That could easily allow an argument that Family Guy is out of ideas (a criticism leveled at it a lot last year), but I really enjoy that kind of referencing. And with that, Family Guy remains atop the animation category.

The Simpsons 21×01: Homer the Whopper

Comic book geeks! I love this episode. And a Guernica reference? I super love this episode.

But then after that it got a bit more routine. I mean, good enough, right, with the parody of big-screen blockbuster filmmaking. Kind of an easy target, though.

The Cleveland Show 1×01: Pilot (spoilers)

It’s better than the previews. The style’s like a slightly less manic Family Guy. Perhaps a Family Guy with a little more heart? We’ll see. At least I don’t feel like I’m only watching it because I know people who work on it. I do have just one question, though…BEAR NEIGHBORS WTF?

I did think the courtship part was going to take longer. Interesting they decided to jump straight to the wedding and make it about the new family rather than taking more time to lead up to that. Kinda felt rushed at the end, but perhaps that’s better than stretching it over a season or something.

July 2007 Reading/Watching Recap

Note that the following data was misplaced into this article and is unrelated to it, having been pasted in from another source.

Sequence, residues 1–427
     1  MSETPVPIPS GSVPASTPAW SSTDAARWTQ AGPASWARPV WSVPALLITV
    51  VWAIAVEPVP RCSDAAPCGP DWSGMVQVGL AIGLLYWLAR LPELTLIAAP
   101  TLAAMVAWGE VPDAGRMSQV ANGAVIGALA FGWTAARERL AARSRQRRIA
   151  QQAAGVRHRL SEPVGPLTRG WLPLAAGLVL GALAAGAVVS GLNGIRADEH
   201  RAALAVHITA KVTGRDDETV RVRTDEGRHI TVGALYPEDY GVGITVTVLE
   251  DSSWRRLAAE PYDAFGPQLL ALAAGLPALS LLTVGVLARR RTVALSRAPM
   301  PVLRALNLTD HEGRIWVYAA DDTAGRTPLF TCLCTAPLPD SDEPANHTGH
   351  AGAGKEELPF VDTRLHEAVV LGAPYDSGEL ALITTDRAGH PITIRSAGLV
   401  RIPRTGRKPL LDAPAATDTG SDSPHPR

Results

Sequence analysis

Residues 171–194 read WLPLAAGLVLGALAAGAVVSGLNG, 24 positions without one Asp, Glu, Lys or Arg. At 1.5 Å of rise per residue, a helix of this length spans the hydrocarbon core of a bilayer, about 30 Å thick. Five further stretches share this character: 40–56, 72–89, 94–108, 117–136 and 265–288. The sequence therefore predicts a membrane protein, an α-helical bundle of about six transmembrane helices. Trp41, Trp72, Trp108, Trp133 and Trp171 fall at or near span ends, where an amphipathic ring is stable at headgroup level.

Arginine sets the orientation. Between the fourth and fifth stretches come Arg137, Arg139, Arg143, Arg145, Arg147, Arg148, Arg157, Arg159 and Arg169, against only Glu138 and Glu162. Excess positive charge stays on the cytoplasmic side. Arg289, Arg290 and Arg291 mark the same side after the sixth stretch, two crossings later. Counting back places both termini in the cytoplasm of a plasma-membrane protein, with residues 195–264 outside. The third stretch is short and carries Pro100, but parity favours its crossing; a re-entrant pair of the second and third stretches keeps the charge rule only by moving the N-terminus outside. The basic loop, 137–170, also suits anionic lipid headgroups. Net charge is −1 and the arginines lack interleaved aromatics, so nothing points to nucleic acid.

In an effort to get caught up on these recap posts, I did shorter write-ups on some of the films I didn’t care about as much (and I’m going to do the same thing for August, hoping to get it out by, you know, the end of September so I can, you know, do September’s). I intended there to be more shorter ones, but it turned out, I cared about a lot of the films this month. Ah well. If I give a quickie reaction to something you’d like to hear more about, let me know and I’ll do a more detailed writeup on it later. I doubt most people read all these anyway. Not that that’s why I write them; I write them so in ten years I can look back and see how stupid my reactions to thing were when I first saw them. ;)

After the jump, reactions to Happy Feet, Orlando (book and film), Vivre sa vie, The Fountain, Harry Potter and the Order of the Phoenix, the Three Colours Trilogy, Winter Light, Renaissance, Little Children, Sophie’s World, Harry Potter and the Deathly Hallows, and more.

Page 1 of 2

Powered by WordPress & Theme by Anders Norén